‘You have again lost your self-control’: Prince Albert’s scathing letters to Queen Victoria revealed

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Prince Albert and Queen Victoria - Roger Fenton/Getty Images
Prince Albert and Queen Victoria - Roger Fenton/Getty Images

Scathing handwritten letters from Prince Albert to Queen Victoria after their arguments can be read by the public for the first time – nearly a century after their daughter tried to destroy them.

The notes, in which Albert tries to have the last word after a dispute, were burned by Princess Beatrice, the couple's youngest daughter, in the Forties to protect their reputations.

But they were saved thanks to an unknown archivist, who made photographic copies for the Royal Archives in order to preserve them, and are among 5,000 documents and photographs uploaded to the internet by the Royal Collection Trust.

The documents also include excerpts from Prince Albert's diaries, letters from his children, the scores for music he composed for his wife and their romantic correspondence.

The letters, from between 1855 and 1861, show Albert admonishing Victoria for her behaviour during arguments and advising that she "can improve herself by being less occupied with herself".

One, translated from German, reads: "You have again lost your self-control quite unnecessarily. I did not say a word which could wound you and I did not begin the conversation, but you have followed me about and continued it from room to room.

The letters, from between 1855 and 1861, show Albert admonishing Victoria for her behaviour during arguments
The letters, from between 1855 and 1861, show Albert admonishing Victoria for her behaviour during arguments

"There is no need for me to promise to trust you, for it was not a question of trust, but of your fidgety nature, which makes you insist on entering, with feverish eagerness, into details about orders and wishes which, in the case of a Queen, are commands, to whomever they may be given […]

"I do my duty towards you even though it means that life is embittered by 'scenes', when it should be governed by love and harmony. I look upon this with patience as a test which has to be undergone, but you hurt me desperately and at the same time do not help yourself."

In another, he offers parenting advice, writing: "It is indeed a pity that you find no consolation in the company of your children. The root of the difficulty lies in the mistaken notion that the function of a mother is to be always correcting, scolding, ordering them about and organising their activities.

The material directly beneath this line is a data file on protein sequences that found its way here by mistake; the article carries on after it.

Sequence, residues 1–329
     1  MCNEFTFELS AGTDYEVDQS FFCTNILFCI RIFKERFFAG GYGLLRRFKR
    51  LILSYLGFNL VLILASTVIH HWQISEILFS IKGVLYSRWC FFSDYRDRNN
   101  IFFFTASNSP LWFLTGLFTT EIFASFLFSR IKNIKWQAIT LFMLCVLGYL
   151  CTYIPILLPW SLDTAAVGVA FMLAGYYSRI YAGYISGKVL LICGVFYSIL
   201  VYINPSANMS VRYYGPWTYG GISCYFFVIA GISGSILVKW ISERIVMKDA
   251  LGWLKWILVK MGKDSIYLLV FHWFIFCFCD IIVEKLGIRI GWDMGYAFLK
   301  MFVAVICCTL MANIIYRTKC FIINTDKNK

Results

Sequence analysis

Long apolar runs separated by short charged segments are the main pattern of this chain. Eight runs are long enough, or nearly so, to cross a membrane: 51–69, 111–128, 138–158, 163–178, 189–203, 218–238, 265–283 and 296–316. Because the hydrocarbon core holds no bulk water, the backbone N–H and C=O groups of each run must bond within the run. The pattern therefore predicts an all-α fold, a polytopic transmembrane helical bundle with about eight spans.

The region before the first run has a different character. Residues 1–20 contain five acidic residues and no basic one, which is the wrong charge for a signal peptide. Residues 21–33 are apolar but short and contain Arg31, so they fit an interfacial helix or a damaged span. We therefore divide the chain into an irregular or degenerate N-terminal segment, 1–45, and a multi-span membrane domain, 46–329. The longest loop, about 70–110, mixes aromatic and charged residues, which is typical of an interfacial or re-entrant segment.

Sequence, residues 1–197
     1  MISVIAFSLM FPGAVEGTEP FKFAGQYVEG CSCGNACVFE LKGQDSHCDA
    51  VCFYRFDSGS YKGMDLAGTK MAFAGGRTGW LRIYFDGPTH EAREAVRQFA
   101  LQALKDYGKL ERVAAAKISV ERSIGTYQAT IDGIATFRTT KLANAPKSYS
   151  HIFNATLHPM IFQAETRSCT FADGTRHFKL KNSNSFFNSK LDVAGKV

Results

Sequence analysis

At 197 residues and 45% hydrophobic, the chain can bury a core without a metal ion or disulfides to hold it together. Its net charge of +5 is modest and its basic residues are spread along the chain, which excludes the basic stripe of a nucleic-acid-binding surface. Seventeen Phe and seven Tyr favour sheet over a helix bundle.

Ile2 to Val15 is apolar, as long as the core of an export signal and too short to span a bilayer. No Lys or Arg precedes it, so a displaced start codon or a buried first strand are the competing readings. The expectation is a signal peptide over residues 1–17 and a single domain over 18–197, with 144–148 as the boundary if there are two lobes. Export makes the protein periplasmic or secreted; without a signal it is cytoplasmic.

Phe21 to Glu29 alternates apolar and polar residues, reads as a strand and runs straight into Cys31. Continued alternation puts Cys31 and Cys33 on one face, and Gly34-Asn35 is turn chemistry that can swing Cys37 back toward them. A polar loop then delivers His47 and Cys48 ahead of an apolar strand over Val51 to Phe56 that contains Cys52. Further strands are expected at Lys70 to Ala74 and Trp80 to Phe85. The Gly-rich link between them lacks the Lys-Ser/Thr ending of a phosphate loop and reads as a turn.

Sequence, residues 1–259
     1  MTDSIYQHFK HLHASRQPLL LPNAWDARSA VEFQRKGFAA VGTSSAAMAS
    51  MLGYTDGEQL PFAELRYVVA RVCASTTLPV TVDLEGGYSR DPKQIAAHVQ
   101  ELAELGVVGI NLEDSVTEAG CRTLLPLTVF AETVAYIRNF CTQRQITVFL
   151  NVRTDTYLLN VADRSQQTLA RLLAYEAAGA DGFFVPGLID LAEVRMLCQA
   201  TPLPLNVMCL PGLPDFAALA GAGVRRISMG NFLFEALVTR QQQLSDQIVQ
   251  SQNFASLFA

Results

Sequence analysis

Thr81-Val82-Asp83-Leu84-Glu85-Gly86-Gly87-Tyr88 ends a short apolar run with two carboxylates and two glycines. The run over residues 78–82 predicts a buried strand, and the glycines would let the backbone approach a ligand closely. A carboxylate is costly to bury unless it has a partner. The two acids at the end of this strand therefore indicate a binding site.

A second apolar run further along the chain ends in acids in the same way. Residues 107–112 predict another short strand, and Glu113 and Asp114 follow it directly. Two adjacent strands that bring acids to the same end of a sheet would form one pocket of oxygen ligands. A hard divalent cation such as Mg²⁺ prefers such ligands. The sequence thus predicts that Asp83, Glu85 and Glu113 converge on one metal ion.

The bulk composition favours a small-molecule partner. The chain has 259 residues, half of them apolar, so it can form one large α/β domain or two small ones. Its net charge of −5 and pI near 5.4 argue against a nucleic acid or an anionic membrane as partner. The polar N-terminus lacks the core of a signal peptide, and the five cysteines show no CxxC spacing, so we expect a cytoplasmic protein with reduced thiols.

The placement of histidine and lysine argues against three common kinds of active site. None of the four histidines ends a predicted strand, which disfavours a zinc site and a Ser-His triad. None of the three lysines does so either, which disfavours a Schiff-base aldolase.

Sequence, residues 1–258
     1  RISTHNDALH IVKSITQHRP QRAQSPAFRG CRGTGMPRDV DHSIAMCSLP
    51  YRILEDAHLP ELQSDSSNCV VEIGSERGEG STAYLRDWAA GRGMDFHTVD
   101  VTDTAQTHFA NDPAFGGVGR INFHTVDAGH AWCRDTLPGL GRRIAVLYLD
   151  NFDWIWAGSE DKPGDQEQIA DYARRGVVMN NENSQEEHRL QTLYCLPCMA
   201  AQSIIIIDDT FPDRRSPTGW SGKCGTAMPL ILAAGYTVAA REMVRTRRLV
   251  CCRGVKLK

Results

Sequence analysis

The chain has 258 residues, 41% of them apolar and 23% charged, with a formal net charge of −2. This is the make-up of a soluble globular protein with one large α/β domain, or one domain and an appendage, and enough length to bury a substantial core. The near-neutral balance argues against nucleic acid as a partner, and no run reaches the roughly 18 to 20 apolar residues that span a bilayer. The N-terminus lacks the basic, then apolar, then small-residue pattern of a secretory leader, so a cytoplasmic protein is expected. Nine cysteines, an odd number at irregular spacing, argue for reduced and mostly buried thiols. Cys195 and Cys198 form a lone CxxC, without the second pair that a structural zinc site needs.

"It is not possible to be on happy, friendly terms with people you have just been scolding, for it upsets scolder and scolded alike."

A third, in which he appears exasperated by Victoria's suffering, states: "We cannot, unhappily, bear your bodily sufferings for you – you must struggle with them alone… But if you were rather less occupied with yourself (if that is possible) and your feelings (if that is possible) and took more interest in the outside world you would find that the greatest help of all."

The notes were kept by Victoria and rediscovered in the Royal Archives by Princess Beatrice in the Forties when she was translating other documents.

Princess Beatrice wrote to George VI, her great-nephew, asking for permission to burn the letters in the 1940s
Princess Beatrice wrote to George VI, her great-nephew, asking for permission to burn the letters in the 1940s

Having already heavily edited her mother's diaries, the princess wrote to George VI, her great-nephew, asking for permission to burn the letters. The original papers do not survive but are preserved in photographs thanks to the now-unknown archivist.

A total of 22,000 documents, prints and photographs from the Royal Archives, the Royal Collection and the Royal Commission for the Exhibition of 1851 have now been digitised for the public to read.

The Prince Albert Digitisation Project was supported by Sir Hugh and Lady Stevenson in honour of Sir Hugh's sister, the late Dame Anne Griffiths, a former librarian and archivist to the Duke of Edinburgh.

Other items of interest include Albert's list of suggested candidate for the vacant role of Master of the Household, annotated by him with the reasons why he considered each man unsuitable: "Too old", "too useful in the Navy", "bad temper" and "French mistress".